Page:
Reviving recipes written on ancient Babylonian tablets. A good idea?
I like the Venn diagram from this article.
If it’s so absurd to conceive of a human learning a new board game through pure RL, shouldn’t we wonder if it’s a flawed framework for how AI agents should learn? Does it really make sense to start learning a new skill based only on its reward signal, with neither prior experience nor higher-level instruction?
This is mostly an argument against learning from scratch. More thoroughly covered in Gary Marcus’ Innateness, AlphaZero, and Artificial Intelligence.
The author of this piece is also editor of the interesting Skynet Today.
by Stuart Russell
Abstract. Logic and probability theory are two of the most important branches of mathematics and each has played a significant role in artificial intelligence (AI) research. Beginning with Leibniz, scholars have attempted to unify logic and probability. For “classical” AI, based largely on first-order logic, the purpose of such a unification is to handle uncertainty and facilitate learning from real data; for “modern” AI, based largely on probability theory, the purpose is to acquire formal languages with sufficient expressive power to handle complex domains and incorporate prior knowledge. This paper provides a brief summary of an invited talk describing efforts in these directions, focusing in particular on open-universe probability models that allow for uncertainty about the existence and identity of objects.
It seems the real details are in papers about BLOG.
San Francisco’s Fire Department is one of the few left in the United States that still uses wooden ladders. Each is made by hand at a dedicated workshop. Some have been in rotation for nearly a century. We’ll get to the why and how, but hang on: Wouldn’t a wooden ladder burn? Yes. They go up in flames.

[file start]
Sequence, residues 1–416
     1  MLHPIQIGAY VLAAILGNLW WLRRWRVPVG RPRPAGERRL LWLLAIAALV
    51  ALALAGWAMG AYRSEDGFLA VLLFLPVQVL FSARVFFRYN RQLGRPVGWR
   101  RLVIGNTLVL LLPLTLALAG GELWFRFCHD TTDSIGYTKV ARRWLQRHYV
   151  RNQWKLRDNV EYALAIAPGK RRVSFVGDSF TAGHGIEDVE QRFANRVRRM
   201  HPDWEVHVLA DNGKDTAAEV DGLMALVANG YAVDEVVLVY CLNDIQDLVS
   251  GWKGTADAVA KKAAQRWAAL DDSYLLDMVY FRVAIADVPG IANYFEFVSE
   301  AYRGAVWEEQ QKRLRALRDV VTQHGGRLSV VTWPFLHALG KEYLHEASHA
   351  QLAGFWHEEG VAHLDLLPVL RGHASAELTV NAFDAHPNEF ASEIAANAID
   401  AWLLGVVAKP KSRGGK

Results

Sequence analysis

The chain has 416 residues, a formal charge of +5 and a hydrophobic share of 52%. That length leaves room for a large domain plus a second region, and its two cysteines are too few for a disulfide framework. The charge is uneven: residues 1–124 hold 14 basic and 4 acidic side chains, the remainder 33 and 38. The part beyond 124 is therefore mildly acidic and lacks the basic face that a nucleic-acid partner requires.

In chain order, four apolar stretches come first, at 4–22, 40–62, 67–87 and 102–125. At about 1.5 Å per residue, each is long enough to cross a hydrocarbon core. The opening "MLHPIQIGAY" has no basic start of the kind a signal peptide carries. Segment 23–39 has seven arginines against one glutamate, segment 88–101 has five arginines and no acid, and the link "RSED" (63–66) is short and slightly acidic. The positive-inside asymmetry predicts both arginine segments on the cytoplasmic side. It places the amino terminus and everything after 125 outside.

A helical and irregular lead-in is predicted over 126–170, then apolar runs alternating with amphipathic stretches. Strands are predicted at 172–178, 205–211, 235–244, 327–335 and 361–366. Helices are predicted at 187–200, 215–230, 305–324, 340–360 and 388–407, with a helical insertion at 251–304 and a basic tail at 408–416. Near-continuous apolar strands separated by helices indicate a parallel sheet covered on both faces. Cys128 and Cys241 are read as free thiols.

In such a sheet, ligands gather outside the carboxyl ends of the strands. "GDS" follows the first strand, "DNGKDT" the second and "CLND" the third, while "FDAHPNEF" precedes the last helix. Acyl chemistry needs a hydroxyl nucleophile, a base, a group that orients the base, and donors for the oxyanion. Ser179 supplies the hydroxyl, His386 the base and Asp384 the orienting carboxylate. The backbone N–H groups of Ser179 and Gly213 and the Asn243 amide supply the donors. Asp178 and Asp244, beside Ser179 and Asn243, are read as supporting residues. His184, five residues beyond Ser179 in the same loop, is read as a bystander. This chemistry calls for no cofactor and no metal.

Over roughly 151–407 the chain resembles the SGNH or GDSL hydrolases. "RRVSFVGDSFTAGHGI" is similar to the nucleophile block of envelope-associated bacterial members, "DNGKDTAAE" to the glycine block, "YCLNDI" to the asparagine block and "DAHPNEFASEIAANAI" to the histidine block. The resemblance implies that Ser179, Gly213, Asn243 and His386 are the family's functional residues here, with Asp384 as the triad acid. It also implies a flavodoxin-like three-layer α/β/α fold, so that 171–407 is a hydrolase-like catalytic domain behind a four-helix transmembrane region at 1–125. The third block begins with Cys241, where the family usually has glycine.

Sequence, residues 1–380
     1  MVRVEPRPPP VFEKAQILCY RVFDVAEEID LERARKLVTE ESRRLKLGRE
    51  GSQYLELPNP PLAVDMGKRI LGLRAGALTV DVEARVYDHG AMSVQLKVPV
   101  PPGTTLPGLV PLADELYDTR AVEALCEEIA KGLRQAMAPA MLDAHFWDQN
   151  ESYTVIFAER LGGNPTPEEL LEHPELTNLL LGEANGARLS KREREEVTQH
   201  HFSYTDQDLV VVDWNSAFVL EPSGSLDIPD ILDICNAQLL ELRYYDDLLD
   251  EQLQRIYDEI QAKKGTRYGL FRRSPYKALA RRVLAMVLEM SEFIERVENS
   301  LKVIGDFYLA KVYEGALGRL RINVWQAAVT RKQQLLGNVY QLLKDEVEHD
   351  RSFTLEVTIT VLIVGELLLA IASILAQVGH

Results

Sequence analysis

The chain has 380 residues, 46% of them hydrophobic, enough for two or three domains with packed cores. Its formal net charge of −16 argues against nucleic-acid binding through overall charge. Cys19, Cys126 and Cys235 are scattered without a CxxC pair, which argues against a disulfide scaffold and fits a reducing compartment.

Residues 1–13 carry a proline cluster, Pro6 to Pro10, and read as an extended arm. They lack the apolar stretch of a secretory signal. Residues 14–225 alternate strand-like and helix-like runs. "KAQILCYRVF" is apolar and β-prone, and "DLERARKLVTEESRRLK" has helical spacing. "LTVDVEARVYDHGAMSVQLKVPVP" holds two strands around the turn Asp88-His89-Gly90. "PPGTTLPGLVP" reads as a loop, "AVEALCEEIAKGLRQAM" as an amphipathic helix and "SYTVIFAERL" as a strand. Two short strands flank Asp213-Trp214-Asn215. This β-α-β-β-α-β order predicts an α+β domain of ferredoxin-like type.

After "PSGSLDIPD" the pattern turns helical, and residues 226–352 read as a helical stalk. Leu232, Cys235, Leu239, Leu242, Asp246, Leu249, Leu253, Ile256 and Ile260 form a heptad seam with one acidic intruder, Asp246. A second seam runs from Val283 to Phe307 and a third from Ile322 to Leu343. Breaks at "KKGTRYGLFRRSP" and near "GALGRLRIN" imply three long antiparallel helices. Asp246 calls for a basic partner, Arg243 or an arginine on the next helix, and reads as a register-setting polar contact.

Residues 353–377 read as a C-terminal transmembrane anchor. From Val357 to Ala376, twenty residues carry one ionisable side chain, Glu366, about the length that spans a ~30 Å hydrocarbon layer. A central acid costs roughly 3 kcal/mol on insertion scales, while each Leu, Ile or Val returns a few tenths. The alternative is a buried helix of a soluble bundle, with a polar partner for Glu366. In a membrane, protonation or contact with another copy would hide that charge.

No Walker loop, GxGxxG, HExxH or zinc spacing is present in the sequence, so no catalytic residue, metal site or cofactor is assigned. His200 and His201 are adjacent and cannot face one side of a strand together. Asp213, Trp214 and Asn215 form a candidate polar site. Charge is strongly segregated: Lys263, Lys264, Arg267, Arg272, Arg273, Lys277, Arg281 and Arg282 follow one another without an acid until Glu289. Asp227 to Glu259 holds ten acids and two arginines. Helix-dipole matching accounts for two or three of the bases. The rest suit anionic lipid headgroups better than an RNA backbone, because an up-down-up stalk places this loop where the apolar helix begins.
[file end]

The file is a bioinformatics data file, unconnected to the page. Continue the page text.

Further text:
Don’t mess with ‘em.
Neither LL nor LR1 parsers can handle this. In fact, GHC’s parser uses a hack: it parses patterns as expressions, and only later checks that the expression it parsed was a valid pattern!
Michael Arntzenius (rntz) has a lot of interesting writing.
Abstract. A bidirectional transformation is a pair of mappings between source and view data objects, one in each direction. When the view is modified, the source is updated accordingly with respect to some laws. One way to reduce the development and maintenance effort of bidirectional transformations is to have specialized languages in which the resulting programs are bidirectional by construction—giving rise to the paradigm of bidirectional programming. In this paper, we develop a framework for applicative-style and higher-order bidirectional programming, in which we can write bidirectional transformations as unidirectional programs in standard functional languages, opening up access to the bundle of language features previously only available to conventional unidirectional languages. Our framework essentially bridges two very different approaches of bidirectional programming, namely the lens framework and Voigtländer’s semantic bidirectionalization, creating a new programming style that is able to obtain benefits from both.
Really nice introduction to topology.